Frankenstein's Body Politic

Yield Mary Shelley a kind eye.  The first science-fiction novelist had no precedent in avoiding engineering errors.  Such was never the point.  Shelley's motive was to probe the persona rather than postulate the possibilities.

If Shelley's tale contains any glaring technical gaffe, it must be that young Victor Frankenstein possessed knowledge of sinew and collagen that even modern scientists lack.  His cadaverous creation might be infused with vigors and nostrums to imbue metabolism, but that would not be enough.  In reality, the pathetic being would have torn itself apart attempting to get off the table, leaving nothing on the slab but squirming rotted parts.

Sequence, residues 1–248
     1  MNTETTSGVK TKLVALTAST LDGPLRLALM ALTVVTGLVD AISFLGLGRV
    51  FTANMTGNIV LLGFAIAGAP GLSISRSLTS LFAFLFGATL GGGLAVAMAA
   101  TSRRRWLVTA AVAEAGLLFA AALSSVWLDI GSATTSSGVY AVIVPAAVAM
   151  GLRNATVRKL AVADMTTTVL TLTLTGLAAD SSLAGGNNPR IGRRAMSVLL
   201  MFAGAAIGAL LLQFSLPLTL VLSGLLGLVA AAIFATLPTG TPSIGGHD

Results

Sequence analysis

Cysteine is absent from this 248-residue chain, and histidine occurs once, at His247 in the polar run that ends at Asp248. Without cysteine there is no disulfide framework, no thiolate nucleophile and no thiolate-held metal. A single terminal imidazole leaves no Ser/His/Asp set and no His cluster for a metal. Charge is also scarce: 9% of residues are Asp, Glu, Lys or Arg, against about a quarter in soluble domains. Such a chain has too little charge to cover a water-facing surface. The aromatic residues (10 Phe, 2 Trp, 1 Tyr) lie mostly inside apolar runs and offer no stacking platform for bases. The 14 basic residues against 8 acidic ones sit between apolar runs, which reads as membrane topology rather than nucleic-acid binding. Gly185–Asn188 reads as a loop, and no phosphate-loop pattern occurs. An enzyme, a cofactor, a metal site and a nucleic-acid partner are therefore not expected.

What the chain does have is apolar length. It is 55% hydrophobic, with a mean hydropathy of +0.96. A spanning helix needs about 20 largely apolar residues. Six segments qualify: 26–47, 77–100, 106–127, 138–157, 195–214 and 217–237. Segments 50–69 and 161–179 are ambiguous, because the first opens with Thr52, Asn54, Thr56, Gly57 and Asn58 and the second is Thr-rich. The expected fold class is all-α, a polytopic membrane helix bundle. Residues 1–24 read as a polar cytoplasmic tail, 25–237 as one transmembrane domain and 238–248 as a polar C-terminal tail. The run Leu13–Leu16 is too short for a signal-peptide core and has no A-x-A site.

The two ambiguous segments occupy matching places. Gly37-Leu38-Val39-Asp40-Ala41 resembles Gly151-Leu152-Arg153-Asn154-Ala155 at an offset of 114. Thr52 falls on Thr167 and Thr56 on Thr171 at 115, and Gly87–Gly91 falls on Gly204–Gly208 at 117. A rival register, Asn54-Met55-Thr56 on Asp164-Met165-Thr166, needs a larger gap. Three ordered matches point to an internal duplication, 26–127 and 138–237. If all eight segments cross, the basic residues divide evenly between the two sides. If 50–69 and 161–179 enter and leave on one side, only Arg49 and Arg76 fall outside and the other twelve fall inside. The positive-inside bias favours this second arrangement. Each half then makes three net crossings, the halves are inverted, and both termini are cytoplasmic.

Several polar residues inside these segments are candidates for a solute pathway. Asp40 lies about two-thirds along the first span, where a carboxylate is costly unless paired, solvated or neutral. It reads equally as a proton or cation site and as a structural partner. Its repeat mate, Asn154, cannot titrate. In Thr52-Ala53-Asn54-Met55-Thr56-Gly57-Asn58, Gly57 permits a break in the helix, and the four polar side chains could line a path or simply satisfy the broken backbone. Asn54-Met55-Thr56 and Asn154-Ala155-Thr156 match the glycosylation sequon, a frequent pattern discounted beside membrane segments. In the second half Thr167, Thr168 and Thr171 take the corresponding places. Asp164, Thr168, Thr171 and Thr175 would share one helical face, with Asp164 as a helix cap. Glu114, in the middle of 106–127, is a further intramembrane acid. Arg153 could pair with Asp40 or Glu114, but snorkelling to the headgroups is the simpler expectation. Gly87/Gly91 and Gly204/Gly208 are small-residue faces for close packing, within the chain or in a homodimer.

Strangely, the bicentennial of the novel Frankenstein is witnessing a practical demonstration of Shelley's tale of promethean horror.  A mishmash assemblage, long on borrowed time, is ripping itself to shreds at the seams.  We will never know what agonies might have erupted from the throat of Frankenstein's creation as it struggled to rise.  But of the vaster Democratic Party and its fellow travelers in media and entertainment, the death throes prevail across our screens.  Those silicon bindings may not be enough to contain the rising lust for wrath.

Four years ago, I shared a prediction: that both the Democratic and Republican Parties would go extinct sooner rather than later.  That was leading up to the 2014 election.  However disparate the numerous the factions of the Democrats were, they at least were kept cohesive by the charm of Barack Obama.  But that time was ending, and there was no electrifying figure to keep the party focused and coalesced.  The Democrats faced internecine conflict that would split them asunder.